Savanna DiStefano
Blog Coordinator
December 1, 2020

We all know someone who is grieving a loss: new or old. The holidays can bring old grief to the surface and make more painful the feeling of a recent loss. But, how do you help someone who is grieving? What are some ways to bring comfort to someone coping with loss? Here are the top five things that helped me during times of grief, and some ideas that may help you comfort your loved ones, too.

Acknowledge the grief — but not Too Much

First, let me start by noting that “I’m sorry for your loss,” is an empty cliché that we must learn to replace. Unless you are at fault for the death of someone, there is no need to apologize.

There are many other more meaningful ways to acknowledge someone’s hurt while they are coping with loss. 

Here are a few I appreciated:

  • “I am with you.”
  • A quick side hug and a smile
  • “I am thinking of you.”
  • Leaving a candy bar or treat on a grievers desk or in the mailbox

Be Uninvited 

One of the best things you can do for someone who is grieving is by stepping in without being asked. There are two reasons for this: people who are experiencing loss do not have energy to make decisions (they’ve likely just made some of the hardest ones with funeral arrangements); they do not want to make anyone else feel sad around them.

Call them and invite yourself over to their home to watch a movie or eat a meal (chances are they are not eating very well anyway). Facetime them without warning, or pick them up to drive around town in their sweats just to get out of the house.

Packages bring joy in grief

Who doesn’t like opening a gift? A few of my friends put together small care packages for me after my mother died. They were complete with candy, fun socks (which I still wear and love) and trinkets with encouraging sayings. Specifically, blankets are great because they provide physical comfort on top of emotional/spiritual comfort.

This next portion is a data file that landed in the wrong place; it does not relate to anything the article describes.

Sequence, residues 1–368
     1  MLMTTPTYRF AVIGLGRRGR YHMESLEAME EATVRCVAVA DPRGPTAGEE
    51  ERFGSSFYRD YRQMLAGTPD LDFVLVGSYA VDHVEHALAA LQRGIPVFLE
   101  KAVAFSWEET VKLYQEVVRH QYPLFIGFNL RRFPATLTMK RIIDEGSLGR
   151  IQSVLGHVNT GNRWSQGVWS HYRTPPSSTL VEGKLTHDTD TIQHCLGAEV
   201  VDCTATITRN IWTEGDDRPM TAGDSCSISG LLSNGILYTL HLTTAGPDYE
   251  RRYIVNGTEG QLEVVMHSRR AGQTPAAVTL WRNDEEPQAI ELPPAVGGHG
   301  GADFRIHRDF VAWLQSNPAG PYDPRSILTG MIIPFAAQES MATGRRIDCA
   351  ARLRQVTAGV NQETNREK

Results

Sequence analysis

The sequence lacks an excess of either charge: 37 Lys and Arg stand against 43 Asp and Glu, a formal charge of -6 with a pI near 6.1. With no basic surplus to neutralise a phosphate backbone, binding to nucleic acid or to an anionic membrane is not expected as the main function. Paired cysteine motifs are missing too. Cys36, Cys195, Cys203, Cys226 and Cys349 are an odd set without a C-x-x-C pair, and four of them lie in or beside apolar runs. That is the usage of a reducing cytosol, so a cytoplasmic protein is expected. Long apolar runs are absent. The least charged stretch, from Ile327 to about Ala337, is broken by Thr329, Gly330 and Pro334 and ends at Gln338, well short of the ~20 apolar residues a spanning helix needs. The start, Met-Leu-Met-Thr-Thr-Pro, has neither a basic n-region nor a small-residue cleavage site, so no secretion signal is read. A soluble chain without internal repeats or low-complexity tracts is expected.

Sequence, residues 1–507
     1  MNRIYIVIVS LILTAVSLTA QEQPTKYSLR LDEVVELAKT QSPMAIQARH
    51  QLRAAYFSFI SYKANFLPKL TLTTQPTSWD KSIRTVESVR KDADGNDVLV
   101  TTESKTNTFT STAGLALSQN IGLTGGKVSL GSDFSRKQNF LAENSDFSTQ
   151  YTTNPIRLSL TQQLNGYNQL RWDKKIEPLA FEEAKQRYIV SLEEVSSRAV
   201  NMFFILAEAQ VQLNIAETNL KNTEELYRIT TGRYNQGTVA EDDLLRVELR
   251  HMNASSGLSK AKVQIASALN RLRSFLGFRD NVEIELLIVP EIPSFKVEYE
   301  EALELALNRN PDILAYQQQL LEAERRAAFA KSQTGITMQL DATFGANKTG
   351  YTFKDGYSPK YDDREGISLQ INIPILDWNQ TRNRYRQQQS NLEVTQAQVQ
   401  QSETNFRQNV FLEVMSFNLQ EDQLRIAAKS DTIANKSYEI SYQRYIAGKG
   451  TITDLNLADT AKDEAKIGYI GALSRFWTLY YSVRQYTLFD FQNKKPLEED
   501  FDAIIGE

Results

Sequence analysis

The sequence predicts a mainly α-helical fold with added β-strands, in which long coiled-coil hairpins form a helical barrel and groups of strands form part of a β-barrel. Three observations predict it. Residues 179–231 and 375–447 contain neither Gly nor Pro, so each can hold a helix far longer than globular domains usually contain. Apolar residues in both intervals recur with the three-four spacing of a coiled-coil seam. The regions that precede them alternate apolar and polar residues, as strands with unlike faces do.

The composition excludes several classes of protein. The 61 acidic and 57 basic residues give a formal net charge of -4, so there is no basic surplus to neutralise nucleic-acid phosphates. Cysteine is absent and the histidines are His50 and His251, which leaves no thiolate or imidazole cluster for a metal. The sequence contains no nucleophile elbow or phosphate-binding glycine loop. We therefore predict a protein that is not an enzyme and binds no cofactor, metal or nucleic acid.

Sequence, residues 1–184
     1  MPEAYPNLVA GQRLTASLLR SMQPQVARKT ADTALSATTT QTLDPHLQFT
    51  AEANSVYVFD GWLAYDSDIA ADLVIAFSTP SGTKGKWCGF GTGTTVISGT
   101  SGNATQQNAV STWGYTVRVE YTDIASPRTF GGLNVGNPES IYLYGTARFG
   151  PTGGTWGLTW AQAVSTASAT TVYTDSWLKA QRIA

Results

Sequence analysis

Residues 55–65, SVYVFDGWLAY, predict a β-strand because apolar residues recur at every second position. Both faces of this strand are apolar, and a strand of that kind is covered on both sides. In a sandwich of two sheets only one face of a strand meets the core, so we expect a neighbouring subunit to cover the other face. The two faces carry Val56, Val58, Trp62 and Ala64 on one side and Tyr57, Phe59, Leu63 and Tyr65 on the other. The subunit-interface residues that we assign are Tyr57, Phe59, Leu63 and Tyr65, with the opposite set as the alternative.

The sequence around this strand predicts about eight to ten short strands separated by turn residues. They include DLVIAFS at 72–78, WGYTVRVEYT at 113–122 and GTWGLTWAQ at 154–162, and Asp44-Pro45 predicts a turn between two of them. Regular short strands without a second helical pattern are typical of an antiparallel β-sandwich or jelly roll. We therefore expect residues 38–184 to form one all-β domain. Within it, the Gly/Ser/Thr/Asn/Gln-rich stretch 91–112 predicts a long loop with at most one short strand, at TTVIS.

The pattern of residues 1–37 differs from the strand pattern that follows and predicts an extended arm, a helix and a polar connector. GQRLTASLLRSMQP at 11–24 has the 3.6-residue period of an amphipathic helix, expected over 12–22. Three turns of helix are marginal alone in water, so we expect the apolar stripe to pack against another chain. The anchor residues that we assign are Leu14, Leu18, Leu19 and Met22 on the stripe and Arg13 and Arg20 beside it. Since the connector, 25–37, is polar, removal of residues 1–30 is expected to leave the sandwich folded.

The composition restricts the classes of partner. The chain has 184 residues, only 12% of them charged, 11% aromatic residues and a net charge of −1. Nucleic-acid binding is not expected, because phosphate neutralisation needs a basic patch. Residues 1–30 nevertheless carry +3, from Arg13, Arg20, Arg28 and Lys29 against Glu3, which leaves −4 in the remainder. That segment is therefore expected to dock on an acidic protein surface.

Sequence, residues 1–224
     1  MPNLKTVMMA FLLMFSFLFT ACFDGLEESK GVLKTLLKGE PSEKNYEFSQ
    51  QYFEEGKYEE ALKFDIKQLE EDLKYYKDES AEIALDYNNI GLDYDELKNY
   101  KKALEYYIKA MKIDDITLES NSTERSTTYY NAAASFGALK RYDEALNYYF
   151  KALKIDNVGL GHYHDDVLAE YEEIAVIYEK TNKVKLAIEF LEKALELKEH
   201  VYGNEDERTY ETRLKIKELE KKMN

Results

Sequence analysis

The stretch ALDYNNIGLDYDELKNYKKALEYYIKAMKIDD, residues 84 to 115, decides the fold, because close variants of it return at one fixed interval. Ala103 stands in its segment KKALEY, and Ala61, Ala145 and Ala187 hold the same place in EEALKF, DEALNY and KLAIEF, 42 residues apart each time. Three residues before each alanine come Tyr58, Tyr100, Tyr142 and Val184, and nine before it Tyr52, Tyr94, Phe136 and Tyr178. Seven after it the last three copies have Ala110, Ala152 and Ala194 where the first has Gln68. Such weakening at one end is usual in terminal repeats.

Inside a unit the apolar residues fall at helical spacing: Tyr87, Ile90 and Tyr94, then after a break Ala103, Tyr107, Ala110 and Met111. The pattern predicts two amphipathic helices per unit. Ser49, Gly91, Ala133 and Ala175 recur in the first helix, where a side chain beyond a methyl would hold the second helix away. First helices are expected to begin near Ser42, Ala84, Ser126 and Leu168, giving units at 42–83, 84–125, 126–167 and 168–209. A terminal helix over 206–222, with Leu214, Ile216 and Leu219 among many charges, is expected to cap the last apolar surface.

Years later, I’ve had friends mail me comfort plants, gifts and cards, simply acknowledging my emotions and bringing a smile to my face without me having to ask or make an effort. 

Mementos bring comfort to someone who is grieving

If you have a friend or family member who is sentimental, consider creating or ordering a custom gift that reminds them of their loved one. This can help someone who is grieving by providing something physical to hold on to.

Some of my favorite mementos are:

  • Custom jewelry with a loved one’s fingerprint (funeral homes usually provide this). Etsy has some great shops who will create jewelry or other accessories with fingerprints or a person’s original handwriting.
  • Christmas ornaments 
  • T-shirt quilts
  • Photo frame with an old picture

Provide Food — But At the Right Time

When someone dies, friends, family and churches provide way too much food in too short a time. Don’t get me wrong, I am very thankful for the meals that were provided to us when my mother died, but we also had way more than we could eat (especially when you lack an appetite). 

Instead, provide meals for after the funeral because that’s when people stop providing for the family. The most lonely time for someone who is grieving is after the funeral. Invite them for a home-cooked meal or come by their home with their favorite takeout.

Plan a Day Out of the House

When I returned to college just after my mother died, my friend made sure I didn’t just sit and cry all weekend long. Instead, she put me in her car and drove us around our rural town in Arkansas without a destination in mind. I don’t remember where we went. I just remember how refreshing it felt to have a change of scenery and feeling like I wasn’t alone.

If you have the ability to help someone get a taste of normalcy, or to remind them who they are as a person, do it. It’s important to show someone that their loss does not change their identity. They do not need to be “the widow” or the “person who lost their mom.” 

Helping Someone who is grieving

The best advice I can give if you are looking to help someone who is grieving is to be present. This includes being available and proactive. Sometimes all a person needs is someone to sit and cry with them, while other times they need a home-cooked meal and an evening of laughter. 

Be considerate, but don’t be overly cautious. Be uninvited, and don’t rely on someone else to invite you over or make decisions. We’re all grieving this holiday season. Let’s be present for one another.

If you or someone you love is coping with grief, learn about our GriefShare program on our Care Groups page. If you are experiencing a loss during the holidays, read Coping with Loss During the Holidays.